trash-cli is a command line interface to the FreeDesktop.org trashcan. It implements the FreeDesktop.org trash specification. For each trashed file, it will remember the name, original path, date of deletion, and permissions. It interoperates with KDE and GNOME Trash, and is CLI compatible with the rm command.
Tagsistant is a semantic filesystem for Linux and BSD kernels. It uses directories as tags and allows file tagging by simply putting files inside desired tag directories. The path you are walking by is your query, e.g. tagsistant/tag1/AND/tag2/OR/tag3/AND/tag2/. Being a low level interface, a filesystem can be instantly used by shell users, file managers, or CGI. A plug-in architecture is under development to add autotagging functionality for common files like .mp3, .ogg, .jpeg, .html, and .xml. A transparent ontology engine is also under development to allow users create a relationship schema between directories.
SpotLook is a graphical interface to Mac OS X Leopard's Spotlight desktop search engine. It features tracks, which are timelines showing results according to their date. Tracks can created, edited, and customized, and include a search scope and attributes to search for. Found items can be viewed with Quick Look or revealed in the Finder.
DFF (Digital Forensics Framework) is a simple but powerful tool with a flexible module system which will help you in your digital forensics works, including file recovery due to error or crash, evidence research and analysis, etc. DFF provides a robust architecture and some handy modules.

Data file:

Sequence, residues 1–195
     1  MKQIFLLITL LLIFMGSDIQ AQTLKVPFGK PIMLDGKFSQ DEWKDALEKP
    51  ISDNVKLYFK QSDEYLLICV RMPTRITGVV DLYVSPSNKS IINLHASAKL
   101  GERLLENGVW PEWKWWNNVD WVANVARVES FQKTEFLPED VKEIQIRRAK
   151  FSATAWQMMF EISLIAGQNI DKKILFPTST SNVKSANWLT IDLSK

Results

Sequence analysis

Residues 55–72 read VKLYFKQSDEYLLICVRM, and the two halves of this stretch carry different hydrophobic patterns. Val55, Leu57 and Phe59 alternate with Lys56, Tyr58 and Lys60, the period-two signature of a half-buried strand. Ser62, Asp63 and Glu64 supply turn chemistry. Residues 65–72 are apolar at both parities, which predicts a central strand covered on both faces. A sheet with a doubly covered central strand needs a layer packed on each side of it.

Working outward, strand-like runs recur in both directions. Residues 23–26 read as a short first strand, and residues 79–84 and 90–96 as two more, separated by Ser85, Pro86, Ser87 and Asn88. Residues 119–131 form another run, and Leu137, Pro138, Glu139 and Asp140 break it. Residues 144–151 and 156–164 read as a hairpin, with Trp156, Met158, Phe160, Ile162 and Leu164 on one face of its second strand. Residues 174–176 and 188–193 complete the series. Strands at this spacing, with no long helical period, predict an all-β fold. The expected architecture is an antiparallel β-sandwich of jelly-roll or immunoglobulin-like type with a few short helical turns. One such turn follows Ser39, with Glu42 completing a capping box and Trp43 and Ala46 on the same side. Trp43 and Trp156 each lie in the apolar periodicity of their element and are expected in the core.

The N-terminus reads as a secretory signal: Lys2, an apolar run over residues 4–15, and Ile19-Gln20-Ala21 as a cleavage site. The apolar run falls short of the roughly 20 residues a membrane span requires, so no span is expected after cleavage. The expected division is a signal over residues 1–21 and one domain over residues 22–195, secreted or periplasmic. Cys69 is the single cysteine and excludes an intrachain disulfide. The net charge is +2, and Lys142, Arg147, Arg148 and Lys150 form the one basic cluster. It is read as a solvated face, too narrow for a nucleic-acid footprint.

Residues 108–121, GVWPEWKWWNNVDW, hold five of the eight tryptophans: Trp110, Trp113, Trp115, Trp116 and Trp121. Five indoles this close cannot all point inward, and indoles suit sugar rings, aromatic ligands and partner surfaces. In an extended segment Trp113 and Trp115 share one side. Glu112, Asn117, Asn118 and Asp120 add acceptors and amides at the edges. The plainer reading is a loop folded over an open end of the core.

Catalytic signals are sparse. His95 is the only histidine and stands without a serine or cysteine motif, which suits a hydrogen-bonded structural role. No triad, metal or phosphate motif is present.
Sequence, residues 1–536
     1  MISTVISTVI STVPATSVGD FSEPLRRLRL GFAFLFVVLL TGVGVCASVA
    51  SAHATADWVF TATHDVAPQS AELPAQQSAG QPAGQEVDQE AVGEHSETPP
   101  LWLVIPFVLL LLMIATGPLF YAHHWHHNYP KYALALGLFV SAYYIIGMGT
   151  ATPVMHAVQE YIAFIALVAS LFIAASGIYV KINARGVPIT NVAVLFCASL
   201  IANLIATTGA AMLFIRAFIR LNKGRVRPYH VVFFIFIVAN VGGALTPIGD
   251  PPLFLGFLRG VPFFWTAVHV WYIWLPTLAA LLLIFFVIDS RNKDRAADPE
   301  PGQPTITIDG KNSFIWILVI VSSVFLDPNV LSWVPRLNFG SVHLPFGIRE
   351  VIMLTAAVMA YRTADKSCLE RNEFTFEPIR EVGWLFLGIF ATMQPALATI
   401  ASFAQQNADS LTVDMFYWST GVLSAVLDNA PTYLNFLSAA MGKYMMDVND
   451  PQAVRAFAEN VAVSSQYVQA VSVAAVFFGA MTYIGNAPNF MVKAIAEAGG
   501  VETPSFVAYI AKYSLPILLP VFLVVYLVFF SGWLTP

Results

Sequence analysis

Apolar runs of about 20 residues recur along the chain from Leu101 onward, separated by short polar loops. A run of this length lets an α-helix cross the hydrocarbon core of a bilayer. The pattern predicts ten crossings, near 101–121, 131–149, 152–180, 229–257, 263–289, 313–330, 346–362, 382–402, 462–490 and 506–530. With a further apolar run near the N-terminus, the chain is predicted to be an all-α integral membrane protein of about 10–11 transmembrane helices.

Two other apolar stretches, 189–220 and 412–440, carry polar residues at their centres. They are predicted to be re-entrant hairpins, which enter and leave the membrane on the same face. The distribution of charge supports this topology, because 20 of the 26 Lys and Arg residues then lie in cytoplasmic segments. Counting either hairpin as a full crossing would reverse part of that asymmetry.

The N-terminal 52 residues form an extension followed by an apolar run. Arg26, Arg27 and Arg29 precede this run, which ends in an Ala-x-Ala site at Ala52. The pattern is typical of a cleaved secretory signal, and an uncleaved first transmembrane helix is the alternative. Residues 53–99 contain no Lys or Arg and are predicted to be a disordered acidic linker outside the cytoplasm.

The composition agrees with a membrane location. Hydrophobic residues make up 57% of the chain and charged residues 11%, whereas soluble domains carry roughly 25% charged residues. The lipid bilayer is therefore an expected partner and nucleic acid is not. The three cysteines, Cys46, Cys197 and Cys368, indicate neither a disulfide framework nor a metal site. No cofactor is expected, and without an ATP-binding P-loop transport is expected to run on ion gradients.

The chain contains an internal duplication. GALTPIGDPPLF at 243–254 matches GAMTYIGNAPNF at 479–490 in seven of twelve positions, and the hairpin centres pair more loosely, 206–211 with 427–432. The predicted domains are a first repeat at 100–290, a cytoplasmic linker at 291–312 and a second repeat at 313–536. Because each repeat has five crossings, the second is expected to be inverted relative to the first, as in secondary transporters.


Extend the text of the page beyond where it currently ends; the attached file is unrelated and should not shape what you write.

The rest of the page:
Parrot and Chirp are user-level tools that make it easy to rapidly deploy wide area filesystems. Parrot is the client component: it transparently attaches to unmodified applications, and redirects their system calls to various remote servers. A variety of controls can be applied to modify the namespace and resources available to the application. Chirp is the server component: it allows an ordinary user to easily export and share storage across the wide area with a single command. A rich access control system allows users to mix and match multiple authentication types. Parrot and Chirp are most useful in the context of large scale distributed systems such as clusters, clouds, and grids where one may have limited permissions to install software.